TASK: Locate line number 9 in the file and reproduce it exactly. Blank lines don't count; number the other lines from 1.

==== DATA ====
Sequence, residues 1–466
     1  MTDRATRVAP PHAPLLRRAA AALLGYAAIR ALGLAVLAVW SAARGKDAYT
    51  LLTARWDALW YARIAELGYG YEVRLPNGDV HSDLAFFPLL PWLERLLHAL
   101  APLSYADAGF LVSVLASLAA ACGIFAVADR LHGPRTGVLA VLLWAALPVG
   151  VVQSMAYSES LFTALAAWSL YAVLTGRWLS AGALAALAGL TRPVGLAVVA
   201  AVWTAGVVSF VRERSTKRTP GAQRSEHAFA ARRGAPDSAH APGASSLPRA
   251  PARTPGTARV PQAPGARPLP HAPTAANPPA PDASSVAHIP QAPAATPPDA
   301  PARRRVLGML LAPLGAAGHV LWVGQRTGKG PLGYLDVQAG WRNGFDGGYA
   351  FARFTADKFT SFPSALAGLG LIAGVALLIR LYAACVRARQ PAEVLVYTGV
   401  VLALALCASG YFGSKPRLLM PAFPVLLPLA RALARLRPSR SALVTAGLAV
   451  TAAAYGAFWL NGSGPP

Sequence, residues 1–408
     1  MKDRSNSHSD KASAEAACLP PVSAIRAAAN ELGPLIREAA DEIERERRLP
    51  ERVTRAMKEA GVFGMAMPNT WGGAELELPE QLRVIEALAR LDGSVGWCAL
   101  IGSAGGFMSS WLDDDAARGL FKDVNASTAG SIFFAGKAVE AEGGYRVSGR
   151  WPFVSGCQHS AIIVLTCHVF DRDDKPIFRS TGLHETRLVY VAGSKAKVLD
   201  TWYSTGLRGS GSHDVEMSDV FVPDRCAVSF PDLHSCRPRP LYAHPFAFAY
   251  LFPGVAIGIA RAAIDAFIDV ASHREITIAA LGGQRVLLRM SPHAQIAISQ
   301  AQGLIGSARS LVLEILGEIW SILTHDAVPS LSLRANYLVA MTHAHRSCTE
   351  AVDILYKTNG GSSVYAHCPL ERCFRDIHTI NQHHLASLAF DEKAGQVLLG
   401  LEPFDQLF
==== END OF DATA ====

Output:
   351  FARFTADKFT SFPSALAGLG LIAGVALLIR LYAACVRARQ PAEVLVYTGV